The personal is political, right? Kathleen Edwards illustrates that perfectly on her third album, Asking For Flowers. Sharp lyrical storytelling has always been Edwards' calling card, and her skills are in full bloom here. Intertwined in her tales of angry, abused, underappreciated and lonely women is commentary on war, pollution, race, and death. Small details are the key to Edwards' writing, allowing her to avoid preachiness and make every tale feel like she's lived it.
This balance is most evident on Oil Man's War, a tale of two young lovers. The anti-war message is subtle and tangential, with the focus instead falling squarely on character detail. The chorus is one of the best she's ever written: "I won't change my mind / keep your hand on my thigh tonight / When we get up north we'll buy us a store / Live upstairs after the kids are born."
Alicia Ross takes a similar approach. The song is a first-person narrative from the perspective of the titular woman. And, get this, she may or may not be dead! Purposefully vague, and all the more disturbing for it, we're led to believe she's been the victim of violence. Again, the details are the key to the song, with Alicia just wishing to remember her mom's ring size and her dad's favorite song. Edwards' vocal is pure and a string section and extended coda help create the mood.
Edwards has always been a champion of forgotten women; it's nearly her trademark. Cheapest Key and Asking For Flowers continue that tradition, both screeds against unappreciative men. The latter takes an angry, rocked-up approach, while the former is melancholy and mid-tempo. Both feature strong lyrics no man should want directed at him. The title track especially, with a chorus that states: "Asking for flowers / Is like asking you to be nice / Don't tell me you're too tired / Ten years I've been working nights."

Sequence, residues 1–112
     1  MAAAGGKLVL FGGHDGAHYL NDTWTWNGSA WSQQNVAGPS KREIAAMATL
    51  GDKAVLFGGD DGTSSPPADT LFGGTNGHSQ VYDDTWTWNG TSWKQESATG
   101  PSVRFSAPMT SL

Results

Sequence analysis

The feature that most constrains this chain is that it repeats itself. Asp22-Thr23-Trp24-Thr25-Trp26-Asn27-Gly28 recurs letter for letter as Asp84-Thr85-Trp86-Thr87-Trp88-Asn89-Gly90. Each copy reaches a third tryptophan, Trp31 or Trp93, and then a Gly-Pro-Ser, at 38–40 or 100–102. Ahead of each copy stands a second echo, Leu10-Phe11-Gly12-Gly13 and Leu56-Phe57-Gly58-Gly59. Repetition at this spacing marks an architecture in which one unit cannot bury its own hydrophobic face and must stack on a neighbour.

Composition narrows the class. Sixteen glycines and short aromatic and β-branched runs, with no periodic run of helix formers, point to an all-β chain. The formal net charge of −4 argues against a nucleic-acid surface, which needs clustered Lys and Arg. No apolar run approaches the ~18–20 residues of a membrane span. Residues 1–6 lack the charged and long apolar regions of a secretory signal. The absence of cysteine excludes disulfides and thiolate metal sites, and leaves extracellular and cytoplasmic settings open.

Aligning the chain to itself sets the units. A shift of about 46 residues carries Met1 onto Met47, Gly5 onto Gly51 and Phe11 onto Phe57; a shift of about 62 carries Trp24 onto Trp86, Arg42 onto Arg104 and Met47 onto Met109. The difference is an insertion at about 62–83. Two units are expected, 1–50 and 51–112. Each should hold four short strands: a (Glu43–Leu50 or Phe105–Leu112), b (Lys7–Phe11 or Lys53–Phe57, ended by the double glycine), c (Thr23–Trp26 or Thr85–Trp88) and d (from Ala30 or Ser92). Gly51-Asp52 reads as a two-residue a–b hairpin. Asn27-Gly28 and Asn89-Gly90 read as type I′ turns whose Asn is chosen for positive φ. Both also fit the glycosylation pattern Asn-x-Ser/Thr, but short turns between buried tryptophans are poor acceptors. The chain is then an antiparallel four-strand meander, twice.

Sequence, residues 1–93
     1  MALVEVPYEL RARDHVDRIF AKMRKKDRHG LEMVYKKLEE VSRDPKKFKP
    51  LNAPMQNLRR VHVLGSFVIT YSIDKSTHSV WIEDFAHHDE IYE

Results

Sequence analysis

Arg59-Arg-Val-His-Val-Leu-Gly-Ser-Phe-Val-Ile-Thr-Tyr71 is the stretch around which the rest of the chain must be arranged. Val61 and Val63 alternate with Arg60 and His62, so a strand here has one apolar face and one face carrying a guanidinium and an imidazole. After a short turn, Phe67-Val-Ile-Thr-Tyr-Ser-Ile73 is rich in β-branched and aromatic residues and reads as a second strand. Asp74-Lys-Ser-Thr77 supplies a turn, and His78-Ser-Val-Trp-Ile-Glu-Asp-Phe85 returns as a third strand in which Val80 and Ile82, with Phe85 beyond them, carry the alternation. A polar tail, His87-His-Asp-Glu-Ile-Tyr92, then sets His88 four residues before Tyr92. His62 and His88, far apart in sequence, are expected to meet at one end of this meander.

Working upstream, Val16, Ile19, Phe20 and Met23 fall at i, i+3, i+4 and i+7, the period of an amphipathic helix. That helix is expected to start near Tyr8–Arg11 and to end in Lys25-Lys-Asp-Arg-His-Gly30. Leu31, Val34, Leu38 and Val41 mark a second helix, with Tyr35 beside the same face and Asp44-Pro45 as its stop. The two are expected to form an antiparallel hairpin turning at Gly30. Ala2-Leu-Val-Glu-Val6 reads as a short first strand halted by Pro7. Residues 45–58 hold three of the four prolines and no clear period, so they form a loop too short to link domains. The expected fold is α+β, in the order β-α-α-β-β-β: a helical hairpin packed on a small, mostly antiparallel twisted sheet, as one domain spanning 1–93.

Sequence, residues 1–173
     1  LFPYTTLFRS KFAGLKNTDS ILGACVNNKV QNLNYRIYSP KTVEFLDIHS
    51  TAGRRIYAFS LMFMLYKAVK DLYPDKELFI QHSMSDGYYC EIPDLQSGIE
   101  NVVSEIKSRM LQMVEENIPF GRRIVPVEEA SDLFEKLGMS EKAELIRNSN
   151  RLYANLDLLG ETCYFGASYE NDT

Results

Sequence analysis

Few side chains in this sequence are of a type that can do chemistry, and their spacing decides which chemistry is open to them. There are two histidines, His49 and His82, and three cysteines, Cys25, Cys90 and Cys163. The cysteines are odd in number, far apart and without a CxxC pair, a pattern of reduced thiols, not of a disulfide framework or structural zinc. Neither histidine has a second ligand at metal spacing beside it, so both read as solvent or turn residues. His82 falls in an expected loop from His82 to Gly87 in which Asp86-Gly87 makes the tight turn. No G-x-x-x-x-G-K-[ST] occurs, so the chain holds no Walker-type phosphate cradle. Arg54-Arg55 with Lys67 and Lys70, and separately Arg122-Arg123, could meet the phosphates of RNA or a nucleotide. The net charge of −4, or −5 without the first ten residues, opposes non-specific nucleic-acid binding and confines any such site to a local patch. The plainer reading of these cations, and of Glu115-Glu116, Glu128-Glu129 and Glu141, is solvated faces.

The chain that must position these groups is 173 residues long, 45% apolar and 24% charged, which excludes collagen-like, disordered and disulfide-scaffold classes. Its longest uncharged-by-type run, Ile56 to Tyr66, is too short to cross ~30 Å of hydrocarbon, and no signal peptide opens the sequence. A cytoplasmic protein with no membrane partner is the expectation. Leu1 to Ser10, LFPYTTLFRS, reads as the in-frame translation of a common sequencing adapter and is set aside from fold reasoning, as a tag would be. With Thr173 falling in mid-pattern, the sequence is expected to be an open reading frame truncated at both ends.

I Make The Dough, You Get The Glory is similar in theme but not content or tone. Instead it operates like a funnier, less swooning version of The Temptations' The Way You Do Things You Do or Cole Porter's You're The Top. Edwards lists all the ways she's inferior and her subject is superior (e.g. "You're cool and cred like Fogerty / I'm Elvis Presley in the '70s"). She also outs herself as a true Canadian with the line "You're the Great One / I'm Marty McSorely" referencing the Edmonton Oilers' duo Wayne Gretzky and the defenseman that helped the team win two Stanely Cups.
Other songs, like Sure As Shit, Run and Scared At Night seem to be written from a more autobiographical place, the latter two seemingly about her parents and the former about her marriage.
Oh Canada is the album's most straightforward and blistering track. A scathing subversion of Edwards' own national anthem, each verse takes on a different topic: race inequality, environmentalism (or lack thereof), and poverty. Any careful listener will have to take hard look at their own response to these problems. Heavy drums and electric guitar punctuate the message.
When you add her excellent lyrics to sensitive, no frills production and impeccable performances, this is easily the most coherent and consistent album Edwards has made, and neither of the first two were slouches. As you might guess from the subject matter, Asking For Flowers is definitely not ear candy. Instead, it's more like a tasty meal that's good for you, too.
Fave Song: Asking For Flowers